Massachusetts General Hospital nurses
inducted into American Academy of Nursing
BOSTON - July 25, 2007 - The American Academy of Nursing
announced recently that 54 nurse leaders will be inducted as Fellows
this fall. Among the group are two Massachusetts General Hospital
(MGH) nurses: Jeanette Ives Erickson, RN, MS, senior vice president
for Patient Care Services and chief nurse; and Diane Carroll, RN,
PhD, a nurse researcher. The induction ceremony will take place
during the Academy's 34th Annual Meeting and Conference on Nov.
10 in Washington, DC.
Ives Erickson was named senior vice president for patient care
in 1996 and leads the institution's largest clinical division including
nursing and the other health professions. She is an instructor of
nursing at several Boston-area institutions, including Harvard Medical
School and the MGH Institute for Health Professions, and was recently
appointed by U.S. Secretary of Health and Human Services, Michael
O. Leavitt, to serve on the National Advisory Council on Nurse Education
and Practice. Her international commitment to improving nursing
practice in countries such as Iraq and Indonesia also contributed
to her election to the Academy.
As a nurse researcher for The Yvonne
L. Munn Center for Nursing Research at MGH, Carroll is responsible
for developing and expanding cardiovascular nursing research. She
also mentors colleagues with research questions that arise from
their patient care practices.
"This is a big honor and a humbling experience for the two
of us and for MGH," says Ives Erickson. "We are both thrilled
at the opportunity to represent our institution."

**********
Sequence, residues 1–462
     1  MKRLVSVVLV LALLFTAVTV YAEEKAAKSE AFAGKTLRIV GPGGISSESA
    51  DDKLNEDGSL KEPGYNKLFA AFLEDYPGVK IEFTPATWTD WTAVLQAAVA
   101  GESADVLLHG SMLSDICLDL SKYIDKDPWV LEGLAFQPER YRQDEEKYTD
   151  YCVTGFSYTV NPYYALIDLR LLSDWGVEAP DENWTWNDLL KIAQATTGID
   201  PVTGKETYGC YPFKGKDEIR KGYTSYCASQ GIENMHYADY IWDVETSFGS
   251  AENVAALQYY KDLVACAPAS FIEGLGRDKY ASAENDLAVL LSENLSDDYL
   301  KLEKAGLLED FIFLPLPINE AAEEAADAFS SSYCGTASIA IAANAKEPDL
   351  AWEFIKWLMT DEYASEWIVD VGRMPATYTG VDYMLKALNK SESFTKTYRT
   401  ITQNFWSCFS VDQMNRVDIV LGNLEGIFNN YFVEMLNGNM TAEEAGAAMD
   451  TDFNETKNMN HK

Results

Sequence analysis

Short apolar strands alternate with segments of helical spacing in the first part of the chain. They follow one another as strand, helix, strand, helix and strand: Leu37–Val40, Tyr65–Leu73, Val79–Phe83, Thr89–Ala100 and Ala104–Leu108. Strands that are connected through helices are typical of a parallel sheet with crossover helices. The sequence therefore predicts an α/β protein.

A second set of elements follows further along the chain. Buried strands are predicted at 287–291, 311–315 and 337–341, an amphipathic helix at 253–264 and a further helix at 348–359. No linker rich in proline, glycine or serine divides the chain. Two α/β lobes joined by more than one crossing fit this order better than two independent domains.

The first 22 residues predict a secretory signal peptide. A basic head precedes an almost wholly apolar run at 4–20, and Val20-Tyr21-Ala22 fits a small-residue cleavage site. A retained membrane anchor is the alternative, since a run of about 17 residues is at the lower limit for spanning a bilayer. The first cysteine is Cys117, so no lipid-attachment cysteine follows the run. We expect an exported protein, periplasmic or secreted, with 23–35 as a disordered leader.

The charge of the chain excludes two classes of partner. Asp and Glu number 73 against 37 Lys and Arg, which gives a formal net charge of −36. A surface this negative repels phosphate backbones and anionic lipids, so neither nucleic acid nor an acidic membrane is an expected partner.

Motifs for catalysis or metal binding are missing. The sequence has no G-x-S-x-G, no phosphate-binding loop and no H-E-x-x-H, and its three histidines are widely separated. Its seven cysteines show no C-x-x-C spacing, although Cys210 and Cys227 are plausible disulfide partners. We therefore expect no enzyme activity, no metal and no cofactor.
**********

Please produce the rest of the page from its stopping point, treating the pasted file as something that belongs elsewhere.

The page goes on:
"Induction into the American Academy of Nursing is universally
regarded as an acknowledgement of outstanding achievement in nursing,"
says Carroll. "I am honored and humbled to be recognized by
this respected organization."
The American Academy of Nursing is comprised of many of the nation's
top nursing executives, policy makers, scholars, researchers and
practitioners. Its mission is to serve the public and nursing profession
by advancing health policy and practice through the generation,
synthesis and sharing of nursing knowledge. Selection criteria for
new fellows include evidence of significant national and/or international
contributions to nursing and health care. Two current Academy Fellows
must sponsor each nominee.
Founded in 1811, the MGH is the third oldest general hospital in
the United States and the oldest and largest in New England. In
2003, MGH was named Masssachusetts' first Magnet hospital by the
American Nurses Credentialing Center, a subsidiary of the American
Nurses Association. Magnet recognition represents the highest honor
awarded for nursing excellence.
The 900-bed medical center offers sophisticated diagnostic and
therapeutic care in virtually every specialty and subspecialty of
medicine and surgery. Each year the MGH admits more than 46,000
inpatients and handles nearly 1.5 million outpatient visits at its
main campus and health centers. Its Emergency Department records
nearly 80,000 visits annually. The surgical staff performs more
than 35,000 operations and the MGH Vincent Obstetrics Service delivers
more than 3,500 babies each year. The MGH conducts the largest hospital-based
research program in the country, with an annual research budget
of approximately $500 million. It is the oldest and largest teaching
hospital of Harvard Medical School, where nearly all MGH staff physicians
serve on the faculty. The MGH is consistently ranked among the nation's
top hospitals by US News and World Report.
Media Contact: Jennifer
Gundersen, MGH Public Affairs
Physician Referral Service: 1-800-388-4644
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